That document should detail how the board reached its decision and will start the clock for an appeal.
Fishermen’s Energy has vowed to appeal. The Cape May firm says the proposed price for electricity was $199.17 per megawatt hour versus the BPU's cited price of $263 per megawatt hour.
“We’re still in the fight,” Chief Operating Officer Paul Gallagher said Friday. “We’re waiting for a copy of the BPU order. We have meetings with partners and investors. We’ve proven our case on the merits.”
Gallagher, of Linwood, faulted the BPU for a bureaucratic review that is in its third year.
“It’s supposed to be a 180-day process, and they rejected it on the 1,035th day,” he said. “They could have said no a year and a half ago, and we’d have already been through the appeal.”
The company focused on state waters because state regulations were expected to be an easier path to approval than a project in federal waters that would have to go through the newly formed U.S. Bureau of Ocean Energy Management, Gallagher said. It intends to build the demonstration project as a precursor to a much larger and more ambitious commercial project in federal waters.
“I think we guessed right,” Gallagher said. “There still haven’t been any (federal) leases approved in New Jersey for offshore wind.”
By contrast, Fishermen’s Energy received all the state construction permits it needed to proceed. The last hurdle was a power-purchase agreement that established the financial market for New Jersey’s nascent offshore wind industry, Gallagher said.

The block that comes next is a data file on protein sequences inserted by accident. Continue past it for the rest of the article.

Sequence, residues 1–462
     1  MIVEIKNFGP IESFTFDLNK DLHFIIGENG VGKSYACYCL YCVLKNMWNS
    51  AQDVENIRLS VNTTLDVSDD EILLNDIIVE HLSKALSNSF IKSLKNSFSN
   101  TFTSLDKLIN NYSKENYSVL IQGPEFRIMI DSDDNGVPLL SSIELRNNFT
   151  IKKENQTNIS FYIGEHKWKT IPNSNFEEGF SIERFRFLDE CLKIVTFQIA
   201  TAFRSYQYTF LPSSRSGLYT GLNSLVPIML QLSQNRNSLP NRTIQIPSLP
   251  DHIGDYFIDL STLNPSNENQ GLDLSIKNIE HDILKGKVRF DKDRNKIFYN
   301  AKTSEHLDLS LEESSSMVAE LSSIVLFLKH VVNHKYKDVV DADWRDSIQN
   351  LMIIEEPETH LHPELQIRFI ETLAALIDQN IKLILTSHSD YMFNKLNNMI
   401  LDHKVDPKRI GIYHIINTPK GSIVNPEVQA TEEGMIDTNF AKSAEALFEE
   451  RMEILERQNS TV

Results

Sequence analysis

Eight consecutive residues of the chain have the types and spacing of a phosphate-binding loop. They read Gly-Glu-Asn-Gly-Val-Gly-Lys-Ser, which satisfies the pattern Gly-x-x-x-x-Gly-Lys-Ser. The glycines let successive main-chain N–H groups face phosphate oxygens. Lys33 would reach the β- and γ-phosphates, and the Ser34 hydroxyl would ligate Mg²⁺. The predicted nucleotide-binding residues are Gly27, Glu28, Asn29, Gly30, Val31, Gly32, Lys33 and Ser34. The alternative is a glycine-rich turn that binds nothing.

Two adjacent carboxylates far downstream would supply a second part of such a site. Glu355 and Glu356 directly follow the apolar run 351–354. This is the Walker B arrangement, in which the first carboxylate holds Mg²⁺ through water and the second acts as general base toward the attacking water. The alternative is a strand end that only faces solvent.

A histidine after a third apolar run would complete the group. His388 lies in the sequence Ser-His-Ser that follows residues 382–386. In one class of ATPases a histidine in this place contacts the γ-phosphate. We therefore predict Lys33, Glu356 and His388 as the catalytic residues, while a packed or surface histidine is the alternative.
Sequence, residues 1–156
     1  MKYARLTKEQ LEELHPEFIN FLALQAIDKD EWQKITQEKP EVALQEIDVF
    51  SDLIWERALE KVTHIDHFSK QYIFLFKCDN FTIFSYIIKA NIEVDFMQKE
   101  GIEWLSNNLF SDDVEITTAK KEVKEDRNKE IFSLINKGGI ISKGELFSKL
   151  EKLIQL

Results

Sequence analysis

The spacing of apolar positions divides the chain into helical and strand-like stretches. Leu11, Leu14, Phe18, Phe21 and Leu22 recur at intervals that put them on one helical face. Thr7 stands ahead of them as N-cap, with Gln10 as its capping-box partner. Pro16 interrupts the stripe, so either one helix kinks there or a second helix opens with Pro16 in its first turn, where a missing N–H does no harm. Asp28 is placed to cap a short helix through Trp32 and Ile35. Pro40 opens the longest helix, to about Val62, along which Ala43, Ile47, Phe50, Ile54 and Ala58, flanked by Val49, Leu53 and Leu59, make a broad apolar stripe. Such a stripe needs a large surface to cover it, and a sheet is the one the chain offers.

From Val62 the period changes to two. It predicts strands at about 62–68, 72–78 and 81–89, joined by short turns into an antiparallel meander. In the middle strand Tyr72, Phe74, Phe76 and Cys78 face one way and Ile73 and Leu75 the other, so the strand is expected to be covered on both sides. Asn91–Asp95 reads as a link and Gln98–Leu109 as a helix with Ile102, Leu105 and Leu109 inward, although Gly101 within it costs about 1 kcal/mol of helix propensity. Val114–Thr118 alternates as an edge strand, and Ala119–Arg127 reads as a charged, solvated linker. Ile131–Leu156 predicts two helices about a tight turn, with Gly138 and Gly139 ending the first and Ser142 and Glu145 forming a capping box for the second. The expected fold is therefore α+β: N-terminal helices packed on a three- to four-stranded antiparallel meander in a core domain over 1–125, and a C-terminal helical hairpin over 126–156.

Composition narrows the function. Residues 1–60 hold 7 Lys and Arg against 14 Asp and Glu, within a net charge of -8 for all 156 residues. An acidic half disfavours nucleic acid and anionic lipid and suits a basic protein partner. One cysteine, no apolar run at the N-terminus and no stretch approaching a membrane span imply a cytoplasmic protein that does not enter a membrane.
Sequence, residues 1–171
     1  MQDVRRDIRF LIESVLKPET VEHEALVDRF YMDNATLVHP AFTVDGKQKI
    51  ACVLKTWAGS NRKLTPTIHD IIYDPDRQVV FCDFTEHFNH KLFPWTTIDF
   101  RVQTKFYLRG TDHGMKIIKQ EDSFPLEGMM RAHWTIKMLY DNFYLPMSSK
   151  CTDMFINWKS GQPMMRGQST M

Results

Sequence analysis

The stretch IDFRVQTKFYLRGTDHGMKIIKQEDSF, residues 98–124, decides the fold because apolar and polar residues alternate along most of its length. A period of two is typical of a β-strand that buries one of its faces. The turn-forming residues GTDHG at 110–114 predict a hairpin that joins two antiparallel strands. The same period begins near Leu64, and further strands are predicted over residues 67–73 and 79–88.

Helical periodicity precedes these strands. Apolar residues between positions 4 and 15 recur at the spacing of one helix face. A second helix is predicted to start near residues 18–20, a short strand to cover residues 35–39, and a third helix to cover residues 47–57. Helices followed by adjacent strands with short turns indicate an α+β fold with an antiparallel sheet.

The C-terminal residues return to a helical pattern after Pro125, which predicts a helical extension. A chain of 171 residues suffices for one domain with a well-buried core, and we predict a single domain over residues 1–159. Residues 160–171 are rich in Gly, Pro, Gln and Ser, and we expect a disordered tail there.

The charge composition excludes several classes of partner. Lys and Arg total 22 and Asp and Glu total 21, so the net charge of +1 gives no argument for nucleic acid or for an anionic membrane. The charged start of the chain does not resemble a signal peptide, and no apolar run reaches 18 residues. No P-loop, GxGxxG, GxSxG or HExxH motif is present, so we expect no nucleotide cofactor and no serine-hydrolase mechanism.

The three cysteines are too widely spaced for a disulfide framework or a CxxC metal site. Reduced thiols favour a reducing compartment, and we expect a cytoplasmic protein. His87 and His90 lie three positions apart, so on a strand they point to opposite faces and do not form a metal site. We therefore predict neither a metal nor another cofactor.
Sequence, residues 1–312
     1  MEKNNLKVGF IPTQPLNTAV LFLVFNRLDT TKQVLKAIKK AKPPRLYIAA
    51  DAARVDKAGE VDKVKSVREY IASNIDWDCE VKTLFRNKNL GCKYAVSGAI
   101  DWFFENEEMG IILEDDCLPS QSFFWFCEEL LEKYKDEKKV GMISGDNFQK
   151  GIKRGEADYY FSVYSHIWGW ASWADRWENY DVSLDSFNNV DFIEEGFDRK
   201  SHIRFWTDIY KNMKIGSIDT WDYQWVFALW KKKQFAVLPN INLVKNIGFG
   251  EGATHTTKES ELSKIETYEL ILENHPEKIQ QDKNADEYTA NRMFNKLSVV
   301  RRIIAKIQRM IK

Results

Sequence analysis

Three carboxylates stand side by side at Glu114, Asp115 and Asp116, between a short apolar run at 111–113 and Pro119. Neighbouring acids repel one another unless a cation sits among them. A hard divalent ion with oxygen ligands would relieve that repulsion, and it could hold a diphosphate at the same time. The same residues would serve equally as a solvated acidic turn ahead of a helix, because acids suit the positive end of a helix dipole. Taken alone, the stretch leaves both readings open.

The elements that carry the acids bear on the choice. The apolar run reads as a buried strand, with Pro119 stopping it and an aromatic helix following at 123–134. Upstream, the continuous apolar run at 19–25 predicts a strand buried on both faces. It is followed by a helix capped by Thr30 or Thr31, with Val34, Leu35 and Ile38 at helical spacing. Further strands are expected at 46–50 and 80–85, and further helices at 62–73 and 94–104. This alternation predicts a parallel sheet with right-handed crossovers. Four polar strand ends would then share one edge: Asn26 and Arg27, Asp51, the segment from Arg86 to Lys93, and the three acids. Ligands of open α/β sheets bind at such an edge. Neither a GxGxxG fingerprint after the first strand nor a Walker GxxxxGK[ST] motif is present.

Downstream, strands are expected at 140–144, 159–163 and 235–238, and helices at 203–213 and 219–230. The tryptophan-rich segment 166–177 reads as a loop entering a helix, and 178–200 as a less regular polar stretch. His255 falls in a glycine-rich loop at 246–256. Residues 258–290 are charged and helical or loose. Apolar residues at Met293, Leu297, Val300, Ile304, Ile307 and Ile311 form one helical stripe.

“We have a fully permitted project we can build tomorrow. We just can’t access the (energy) market,” he said.
The project would be supported through Offshore Renewable Energy Credits, a subsidy nearly identical to the type that kick-started New Jersey’s solar industry. It’s an artificial market created to further the state’s goal of generating more renewable energy, which typically costs more than cheaper but environmentally harmful sources of energy such as coal, oil or natural gas.
This market would guarantee buyers for the more expensive wind energy created by Fishermen’s Energy’s Atlantic City turbines. Gallagher said the state was in a prime position several years ago but hasn’t kept up with neighboring states.
Not including proposed offshore wind projects, New Jersey has added just one megawatt of wind power capacity since 2010, according to data gathered by the American Wind Energy Association. During the same period, Massachusetts and Pennsylvania nearly quintupled and doubled their capacities, while Maryland and New York grew by 71 percent and 35 percent, respectively.
Whelan said wind energy offered New Jersey the opportunity to bring jobs to the region — Fishermen’s Energy alone estimated more than 400 new jobs would be created — and to generate cleaner energy.
The region faces the loss of at least two power plants in the years ahead. If B.L. England doesn’t convert from coal to natural gas, it could close by 2016. Lacey Township’s Oyster Creek Generating Station will go offline three years later.
“The energy has to come from somewhere,” Whelan said.
While the pipeline would help prolong the life of B.L. England, he said, natural gas is not an ideal solution as it will continue to pollute the environment. Unfortunately, he added, the current outlook for wind energy isn’t optimistic.
“It’s frustrating and disappointing,” he said. “We spent a lot of time and energy and dollars committing to do this.”